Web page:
U.S. Water News Online
CEDAR LAKE, Ind. -- Restoration could begin soon on the
ecosystem of a northwestern Indiana lake that has been polluted for
decades with sewage and stormwater filled with fertilizer from farm
The U.S. Army Corps of Engineers is finishing a $600,000 study of
possible ways to restore the ecosystem of Cedar Lake, which also has
elevated levels of arsenic and lead.
Political and financial support is being lined up for the
restoration, but a few obstacles still need to be overcome before
work can begin.
Three of six preliminary alternatives involve dredging, which
local residents also advocate. Another option is to add chemical
treatment to the water, which binds some of the nutrients and forms a
crust at the bottom of the lake. The Corps of Engineers is also
considering setting up a temporary treatment plant to clean lakewater
and send it back.
"We take a look at everything and what is most feasible and the
best use of the government's money, and that's what we recommend,"
said Lynne Wheland, spokeswoman for the Army Corps.
U.S. Rep. Pete Visclosky, D-Ind., has proposed a bill providing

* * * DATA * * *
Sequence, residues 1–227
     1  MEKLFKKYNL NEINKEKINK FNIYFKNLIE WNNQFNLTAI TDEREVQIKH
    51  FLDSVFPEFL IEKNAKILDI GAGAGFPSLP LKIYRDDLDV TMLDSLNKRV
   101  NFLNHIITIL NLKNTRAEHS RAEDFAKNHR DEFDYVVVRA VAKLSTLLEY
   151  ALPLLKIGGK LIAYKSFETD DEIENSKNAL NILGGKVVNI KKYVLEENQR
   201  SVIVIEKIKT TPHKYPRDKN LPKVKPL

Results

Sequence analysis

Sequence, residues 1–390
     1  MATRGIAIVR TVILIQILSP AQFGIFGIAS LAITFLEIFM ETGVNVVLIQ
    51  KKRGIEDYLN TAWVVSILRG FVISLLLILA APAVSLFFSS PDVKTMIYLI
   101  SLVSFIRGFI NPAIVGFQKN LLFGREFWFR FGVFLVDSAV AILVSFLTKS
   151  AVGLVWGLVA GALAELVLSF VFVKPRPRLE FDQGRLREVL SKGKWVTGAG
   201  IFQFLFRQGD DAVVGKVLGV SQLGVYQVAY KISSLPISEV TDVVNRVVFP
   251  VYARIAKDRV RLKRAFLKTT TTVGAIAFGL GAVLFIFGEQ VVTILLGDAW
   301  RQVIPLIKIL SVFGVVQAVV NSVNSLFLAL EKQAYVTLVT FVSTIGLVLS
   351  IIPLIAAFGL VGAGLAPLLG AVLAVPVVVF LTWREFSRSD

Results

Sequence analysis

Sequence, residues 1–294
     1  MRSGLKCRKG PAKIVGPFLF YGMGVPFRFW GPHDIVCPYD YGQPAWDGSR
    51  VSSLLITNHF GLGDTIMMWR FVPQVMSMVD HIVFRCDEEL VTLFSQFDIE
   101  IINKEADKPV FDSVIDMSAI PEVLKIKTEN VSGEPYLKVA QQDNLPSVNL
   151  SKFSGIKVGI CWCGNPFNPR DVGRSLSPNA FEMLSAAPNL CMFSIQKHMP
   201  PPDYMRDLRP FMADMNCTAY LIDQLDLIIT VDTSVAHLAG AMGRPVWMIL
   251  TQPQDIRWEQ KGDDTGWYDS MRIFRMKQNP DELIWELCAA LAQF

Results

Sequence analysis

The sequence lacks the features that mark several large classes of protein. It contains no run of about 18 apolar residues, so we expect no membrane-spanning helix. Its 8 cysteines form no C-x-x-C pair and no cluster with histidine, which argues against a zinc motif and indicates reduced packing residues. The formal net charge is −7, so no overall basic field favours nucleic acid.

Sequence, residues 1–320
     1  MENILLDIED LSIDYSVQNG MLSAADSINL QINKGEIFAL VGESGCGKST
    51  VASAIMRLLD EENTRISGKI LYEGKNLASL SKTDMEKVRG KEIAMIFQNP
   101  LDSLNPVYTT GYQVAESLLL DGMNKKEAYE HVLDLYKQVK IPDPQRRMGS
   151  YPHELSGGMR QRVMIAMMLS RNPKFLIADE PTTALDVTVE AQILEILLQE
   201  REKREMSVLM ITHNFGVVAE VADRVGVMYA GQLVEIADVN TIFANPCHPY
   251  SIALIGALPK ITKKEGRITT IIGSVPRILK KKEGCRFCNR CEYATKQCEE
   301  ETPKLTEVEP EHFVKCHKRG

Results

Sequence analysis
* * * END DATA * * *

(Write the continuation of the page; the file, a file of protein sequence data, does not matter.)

$4.4 million for the restoration. It has passed the House and is
awaiting action in the Senate, said Justin Kitsch, a spokesman for
The federal government provides 65 percent of the project cost,
which some have put at $12 million. The rest has to be found
The study was originally supposed to be finished in 2007, but it
was taking longer because the Corps is waiting for information from
the Indiana Department of Environmental Management and the town of
Cedar Lake, which surrounds the lake about 15 miles south of Gary.
Part of the delay is that the federal agency is waiting for
information from IDEM on what restrictions it has to follow when
dealing with the lead and arsenic, Army Corps project manager Mike
Nguyen said. Another is the town has proposed its own sewage
treatment plant, which would discharge effluent back into the lake,
"Our concern was that (discharge) from the sewage treatment plant
will have a negative impact on the ecosystem," he said.
The Town Council also is considering whether to spend $1.7 million
on 114 acres of land as a disposal site for the dredged material.
Residents at newer nearby homes object. They worry the dredged
material will affect the safety of their drinking water.
"Cedar Lake has other land available, land within their own town
limits, why do they have to go out of their town limits and ruin the
neighborhood we live in?" said Craig Flanders in an open letter to
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